Monday, October 22, 2018

Weekly Margin 2018, W42: Goodbody, The Thanksgiving Play, Oklahoma!, Plot Points in Our Sexual Development, National Theatre Live: King Lear

10/16/18: Goodbody
What: The Crook Theater Company's first original work, about a woman with no memory, a dead body, a bloody beaten man, all in a barn in upstate New York, with a clock to beat before the consequences come knocking.
And? Full review here.

Raife Baker as Spencer. Photo by Carol Rosegg.

10/17/18: The Thanksgiving Play
What: A school theater director, a street artist, a history teacher, and an LA actress gather together to craft a devised play for the school's Thanksgiving observance, determined to be as progressive and virtue-signaling as possible.
And? It felt, in a way, like a sequel to Playwrights Horizons's earlier Miles for Mary (it even played in the same upstairs space). The actors were good, there were funny moments, but a lot of this play indulges in the cringiest aspects of both tacky careless racism and overly-demonstrative privilege-battling. Not bad, but not for me.

Greg Keller, Jennifer Bareilles, Jeffrey Bean, and Margo Seibert as Jaxton,
Logan, Caden, and Alicia. Photo by Joan Marcus.

10/20/18: Oklahoma!
What: Director Daniel Fish's pared-down revisioning of the Rodgers & Hammerstein classic about a romance between a cowman and a farm girl, and a community teetering closer to civilization, as presented by St. Ann's Warehouse and Eva Price.
And? There's a lot to praise here. The intimate, brightly-lit immersive barn space full of long tables prepped for the box social, is appealing (scenic: Laura Jellinek). The rockabilly orchestrations by Daniel Kluger are charming. The voice talent (unamplified except in specific and deliberate moments) is strong, the humor is good (particularly Ali Stroker's Ado Annie and Michael Nathanson's Ali Hakim). The lead couple is earnest and romantic; the comic couple is adorable and charming. The minimalist staging and sometimes deliberately emotionless line delivery recalls John Doyle's Sondheim ventures. However, there's a risk with that degree of deconstruction (in Doyle's case, while the story of Company remained clear, a lot of the narrative of Sweeney got muddled for me). Here, a friend who attended with me and was not as familiar with the show, had difficulty following the story and grasping the stakes (and for myself, I got nothing from the reimagined dream ballet, either toward furthering character or story).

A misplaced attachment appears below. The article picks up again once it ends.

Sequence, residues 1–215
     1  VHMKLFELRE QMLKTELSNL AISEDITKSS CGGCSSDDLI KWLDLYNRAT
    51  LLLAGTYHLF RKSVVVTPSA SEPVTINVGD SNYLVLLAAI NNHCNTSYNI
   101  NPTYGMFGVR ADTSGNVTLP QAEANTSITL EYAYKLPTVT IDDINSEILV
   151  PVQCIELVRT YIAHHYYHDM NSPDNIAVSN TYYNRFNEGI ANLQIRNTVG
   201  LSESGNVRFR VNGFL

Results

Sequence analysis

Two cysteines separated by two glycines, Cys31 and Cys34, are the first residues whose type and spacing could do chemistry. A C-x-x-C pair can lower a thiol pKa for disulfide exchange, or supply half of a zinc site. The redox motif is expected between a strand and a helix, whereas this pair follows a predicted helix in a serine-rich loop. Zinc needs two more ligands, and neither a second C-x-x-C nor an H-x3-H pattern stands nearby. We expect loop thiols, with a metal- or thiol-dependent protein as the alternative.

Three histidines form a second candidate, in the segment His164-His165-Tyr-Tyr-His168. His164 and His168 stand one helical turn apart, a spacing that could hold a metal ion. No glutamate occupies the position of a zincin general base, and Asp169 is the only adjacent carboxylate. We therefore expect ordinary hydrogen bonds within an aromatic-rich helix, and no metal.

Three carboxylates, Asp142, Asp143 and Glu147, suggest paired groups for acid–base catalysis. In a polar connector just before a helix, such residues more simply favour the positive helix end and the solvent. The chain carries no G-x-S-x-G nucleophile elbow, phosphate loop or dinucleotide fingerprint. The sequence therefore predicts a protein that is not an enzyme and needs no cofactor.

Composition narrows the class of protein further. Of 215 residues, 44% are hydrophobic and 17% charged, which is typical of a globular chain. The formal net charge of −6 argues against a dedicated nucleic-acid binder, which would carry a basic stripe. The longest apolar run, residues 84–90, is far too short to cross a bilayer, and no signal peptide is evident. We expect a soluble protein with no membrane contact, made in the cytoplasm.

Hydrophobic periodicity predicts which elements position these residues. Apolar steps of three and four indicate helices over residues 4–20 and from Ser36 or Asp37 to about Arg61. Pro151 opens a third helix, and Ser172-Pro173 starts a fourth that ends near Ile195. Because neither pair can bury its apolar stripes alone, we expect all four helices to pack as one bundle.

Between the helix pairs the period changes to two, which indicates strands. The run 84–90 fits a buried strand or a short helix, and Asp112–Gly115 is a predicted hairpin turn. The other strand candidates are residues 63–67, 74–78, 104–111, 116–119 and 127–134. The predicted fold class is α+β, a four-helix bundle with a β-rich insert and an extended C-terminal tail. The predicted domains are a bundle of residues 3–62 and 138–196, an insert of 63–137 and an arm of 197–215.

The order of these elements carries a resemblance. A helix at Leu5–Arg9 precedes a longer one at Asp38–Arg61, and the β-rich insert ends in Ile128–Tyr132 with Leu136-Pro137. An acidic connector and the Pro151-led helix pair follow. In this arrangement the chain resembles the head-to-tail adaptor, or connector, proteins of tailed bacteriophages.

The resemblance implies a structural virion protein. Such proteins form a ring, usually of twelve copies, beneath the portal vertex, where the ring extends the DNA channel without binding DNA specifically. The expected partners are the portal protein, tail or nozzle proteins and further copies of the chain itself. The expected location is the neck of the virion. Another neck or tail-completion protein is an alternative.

What I do find most immediately striking is the examination of toxic masculinity at play. Nearly every man, beginning with Curly and his guitar-strumming "Oh, What a Beautiful Mornin'," prowls the space with a predatory gait, a quiet hint of danger, with the potential for violence seemingly simmering like the crockpots of chili distributed throughout. This is interesting, but it also means that Jud, the purported antagonist, doesn't stand out at all. He doesn't seem like a potential menace; he seems like the rest of them, if a bit sadder. So instead of a community where everyone instinctively senses a hidden danger in him, we aer given a society who has collectively decided that they simply don't like this man, without explanation. He becomes a pitiful figure, which makes the final confrontation (and its liberties) bewildering. And listen, I won't deny that the choices made here are good theater. But I think they're in direct conflict with the text, with the authorial intent (which, if we recall my review of Ivo van Hove's The Crucible, is a sticking point for me). The  characterization of Jud is not supported by the text. It's just not.

And, as with Crucible, though I found a lot of powerful work here, particularly with the cast, I'm having trouble getting past that.

Rebecca Naomi Jones and Damon Daunno as Laurey Williams and Curly
McLain. Photo by Teddy Wolff.

10/21/18: Plot Points in Our Sexual Development
What: The title is accurate, and I don't want to elaborate further, because that would ruin the discovery of this tight hour-long two-hander from playwright Miranda Rose Hall, at Lincoln Center's intimate Claire Tow space.
And? Beautifully scripted, simply directed, and performed with such charm and naked honesty by Jax Jackson and Marianne Rendon, this was a lovely and moving piece with a full and satisfying journey. I'm so glad I caught it.

Jax Jackson and Marianne Rendon as Theo and Cecily.
Photo by Jeremy Daniel.

10/21/18: National Theatre Live: King Lear
What: Chichester Festival Theatre's intimate production (as broadcast by NTLive) of King Lear, starring Ian McKellen as Lear and Sinead Cusack as Kent.
And? Not bad. Both McKellen and Cuasack were great, and I also enjoyed James Corrigan's charmingly devious Edmund.

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